New Building for Cultural Work in Mexico
By “Awake!” correspondent in Mexico
APRIL 19 and 20, 1974, were filled with excitement for Jehovah’s witnesses in Mexico. Those days were the occasion for inaugurating a new building as headquarters for the cultural work of the Witnesses in this country. It contains facilities for printing and shipping literature used in this work, and provides living accommodations for a staff of volunteer workers.
The new building, set in a valley dominated by two snow-capped mountains, is located about eleven miles from Mexico City. Work on it began on June 7, 1973, with excavation on the 64,907-square-foot piece of property, and it was completed in 317 days.
The three-story building is 16,146 square feet in size. Some 120 tons of cement were used, greatly strengthening it against damage during seismic movements. The ground floor includes the printing shop, a laundry, storage area for more than 1,500,000 books, and a Cultural Meeting Hall, beautifully decorated in Mexican colonial style. On the middle floor are found office space, a kitchen, a dining room that seats 120 persons, and 16 bedrooms. A library and 36 more bedrooms are on the top floor. The building can provide living quarters for up to 104 persons, with room for future expansion of the printing facilities. A solar heater on the roof provides hot water for the entire building.
There was a pressing need for a new headquarters building in Mexico. The number of Jehovah’s witnesses there has increased rapidly in recent years. For example, in November 1973 there were 61,106 Mexican Witnesses. By February 1974 this number had climbed to 65,553, an increase of 4,447 in just three months. The former building, acquired in 1938 and enlarged in 1945 and 1962, could not meet present demands for printing and shipping the literature published by Jehovah’s witnesses in Mexico. Also, government plans to build roads call for demolition of the former structure.
A most unusual feature of this building project was the number of people who volunteered to work on it; over 90 percent of the work was done without pay. Witnesses from all over the country, and even some foreign visitors, donated their time, energy and skills to put up the new building.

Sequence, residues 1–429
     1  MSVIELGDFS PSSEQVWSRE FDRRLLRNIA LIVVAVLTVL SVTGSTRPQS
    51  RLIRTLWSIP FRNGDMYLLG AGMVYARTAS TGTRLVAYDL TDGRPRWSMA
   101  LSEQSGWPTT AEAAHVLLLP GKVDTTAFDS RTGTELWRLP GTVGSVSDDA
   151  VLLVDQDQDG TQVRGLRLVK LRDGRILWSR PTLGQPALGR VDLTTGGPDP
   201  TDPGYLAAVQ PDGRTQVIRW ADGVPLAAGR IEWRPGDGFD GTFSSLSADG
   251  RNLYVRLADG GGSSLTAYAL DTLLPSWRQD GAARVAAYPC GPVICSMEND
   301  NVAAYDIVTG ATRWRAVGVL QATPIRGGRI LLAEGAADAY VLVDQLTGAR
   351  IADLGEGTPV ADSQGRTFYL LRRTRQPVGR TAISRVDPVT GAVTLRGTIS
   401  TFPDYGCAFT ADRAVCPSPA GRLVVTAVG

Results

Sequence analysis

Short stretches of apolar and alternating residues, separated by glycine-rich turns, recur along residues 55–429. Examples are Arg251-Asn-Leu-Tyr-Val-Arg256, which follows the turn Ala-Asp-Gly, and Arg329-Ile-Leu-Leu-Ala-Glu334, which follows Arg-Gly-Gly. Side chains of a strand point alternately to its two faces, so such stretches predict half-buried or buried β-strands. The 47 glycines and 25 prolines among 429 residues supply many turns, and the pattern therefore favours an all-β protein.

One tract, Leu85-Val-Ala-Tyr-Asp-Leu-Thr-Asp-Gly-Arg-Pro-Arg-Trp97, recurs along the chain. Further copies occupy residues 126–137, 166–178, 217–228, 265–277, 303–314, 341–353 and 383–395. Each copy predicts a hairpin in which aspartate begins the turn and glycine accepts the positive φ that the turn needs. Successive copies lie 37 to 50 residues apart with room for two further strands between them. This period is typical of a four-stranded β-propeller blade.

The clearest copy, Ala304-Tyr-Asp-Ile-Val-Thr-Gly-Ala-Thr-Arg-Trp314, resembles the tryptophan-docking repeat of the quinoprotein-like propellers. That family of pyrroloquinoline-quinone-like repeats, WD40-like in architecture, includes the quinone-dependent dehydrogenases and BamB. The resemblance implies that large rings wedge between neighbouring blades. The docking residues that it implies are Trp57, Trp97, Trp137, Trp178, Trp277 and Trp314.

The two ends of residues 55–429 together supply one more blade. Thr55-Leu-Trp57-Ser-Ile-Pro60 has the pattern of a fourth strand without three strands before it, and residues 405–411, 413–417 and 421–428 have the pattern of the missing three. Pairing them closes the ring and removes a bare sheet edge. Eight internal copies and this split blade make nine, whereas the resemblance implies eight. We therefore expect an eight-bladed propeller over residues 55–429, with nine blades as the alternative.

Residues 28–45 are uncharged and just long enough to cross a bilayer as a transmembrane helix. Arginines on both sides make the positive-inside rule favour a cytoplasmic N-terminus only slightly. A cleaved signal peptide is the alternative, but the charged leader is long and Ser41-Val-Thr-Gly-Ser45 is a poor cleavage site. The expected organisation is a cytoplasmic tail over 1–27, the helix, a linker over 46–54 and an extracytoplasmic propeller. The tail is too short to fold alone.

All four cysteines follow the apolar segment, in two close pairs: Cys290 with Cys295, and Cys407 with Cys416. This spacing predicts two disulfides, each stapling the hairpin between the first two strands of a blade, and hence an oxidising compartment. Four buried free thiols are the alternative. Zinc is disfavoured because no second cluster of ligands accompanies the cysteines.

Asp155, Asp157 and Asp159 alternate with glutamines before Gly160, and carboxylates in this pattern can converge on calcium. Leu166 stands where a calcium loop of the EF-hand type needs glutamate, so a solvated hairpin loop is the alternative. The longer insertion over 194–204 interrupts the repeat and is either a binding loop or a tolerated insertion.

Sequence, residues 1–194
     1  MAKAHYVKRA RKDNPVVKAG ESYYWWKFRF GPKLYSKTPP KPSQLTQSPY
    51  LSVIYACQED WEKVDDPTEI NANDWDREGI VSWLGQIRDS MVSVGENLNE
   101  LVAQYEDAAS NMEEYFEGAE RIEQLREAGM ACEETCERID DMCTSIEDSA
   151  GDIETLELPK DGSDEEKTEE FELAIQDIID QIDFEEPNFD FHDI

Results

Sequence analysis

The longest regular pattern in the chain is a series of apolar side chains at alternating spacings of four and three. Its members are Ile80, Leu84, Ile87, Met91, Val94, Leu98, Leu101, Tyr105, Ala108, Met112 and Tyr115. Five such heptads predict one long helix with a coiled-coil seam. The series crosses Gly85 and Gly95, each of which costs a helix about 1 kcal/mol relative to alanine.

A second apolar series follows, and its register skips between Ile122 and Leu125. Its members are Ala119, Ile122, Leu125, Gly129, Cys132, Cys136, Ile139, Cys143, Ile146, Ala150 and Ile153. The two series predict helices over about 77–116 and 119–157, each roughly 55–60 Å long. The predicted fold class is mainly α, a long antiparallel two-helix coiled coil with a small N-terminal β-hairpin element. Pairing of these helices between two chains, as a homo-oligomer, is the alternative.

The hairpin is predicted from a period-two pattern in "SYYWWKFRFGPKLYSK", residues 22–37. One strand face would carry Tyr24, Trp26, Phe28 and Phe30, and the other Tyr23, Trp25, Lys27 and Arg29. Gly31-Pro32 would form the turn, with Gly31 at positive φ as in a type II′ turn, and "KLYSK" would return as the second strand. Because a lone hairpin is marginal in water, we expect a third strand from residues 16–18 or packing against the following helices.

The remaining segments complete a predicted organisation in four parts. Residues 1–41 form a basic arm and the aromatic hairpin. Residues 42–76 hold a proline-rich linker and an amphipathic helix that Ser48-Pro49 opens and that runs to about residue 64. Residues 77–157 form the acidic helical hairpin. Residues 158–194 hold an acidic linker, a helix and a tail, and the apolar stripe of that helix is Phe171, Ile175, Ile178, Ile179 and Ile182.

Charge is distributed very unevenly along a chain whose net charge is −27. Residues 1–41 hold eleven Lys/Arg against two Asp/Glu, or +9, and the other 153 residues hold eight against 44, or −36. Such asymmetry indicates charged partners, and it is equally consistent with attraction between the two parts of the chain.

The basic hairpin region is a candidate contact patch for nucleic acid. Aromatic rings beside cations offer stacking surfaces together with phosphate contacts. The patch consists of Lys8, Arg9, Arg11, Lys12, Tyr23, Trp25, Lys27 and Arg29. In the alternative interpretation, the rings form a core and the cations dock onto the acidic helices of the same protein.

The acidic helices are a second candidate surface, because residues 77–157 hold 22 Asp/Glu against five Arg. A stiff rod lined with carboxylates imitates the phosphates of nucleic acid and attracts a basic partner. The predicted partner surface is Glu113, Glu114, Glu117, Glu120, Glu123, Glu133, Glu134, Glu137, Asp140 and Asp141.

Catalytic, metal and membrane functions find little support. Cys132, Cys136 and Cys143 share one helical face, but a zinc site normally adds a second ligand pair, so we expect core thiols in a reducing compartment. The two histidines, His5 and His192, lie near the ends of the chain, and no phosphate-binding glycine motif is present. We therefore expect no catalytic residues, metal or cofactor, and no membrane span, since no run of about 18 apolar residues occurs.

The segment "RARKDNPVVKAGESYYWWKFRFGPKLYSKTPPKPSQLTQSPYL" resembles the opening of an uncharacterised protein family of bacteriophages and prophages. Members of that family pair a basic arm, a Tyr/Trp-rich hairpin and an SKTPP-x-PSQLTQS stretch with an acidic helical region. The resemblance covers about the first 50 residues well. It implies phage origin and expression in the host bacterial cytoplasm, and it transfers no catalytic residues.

Among the 3,379 present at the dedication program were the Mexican headquarters staff, more than 250 of the volunteer workers, a number of overseers of the congregations in Mexico City, and many guests. To begin the program, the administrator of La Torre del Vigía de Mexico, A.C. (legal corporation for Jehovah’s witnesses in Mexico), spoke of the success of the cultural work done by the Witnesses there during the past thirty years. He noted that since 1946 they have taught 46,468 persons to read and write, and have helped thousands to give up an immoral way of life.
The highlight of the program was a talk by N. H. Knorr, president of the Watch Tower Bible and Tract Society. He pointed out that the new building will be used to help the people of Mexico to learn of God’s arrangements for blessing mankind. He stressed the need for all to cultivate appreciation for things God provides to aid them. “Many people,” said Knorr, “lack real appreciation for the things they receive. To them the expression ‘Thanks’ is nothing more than a formalism. This should not be the case with us. We must keep in mind that to ‘appreciate’ means to esteem something highly, to consider it of great value. Let us view everything we receive from Jehovah in that way.”
The program of April 19 was repeated the following day to enable the majority of those involved in the project to attend. When it was over, all went away refreshed and joyful at having shared in a truly beneficial work.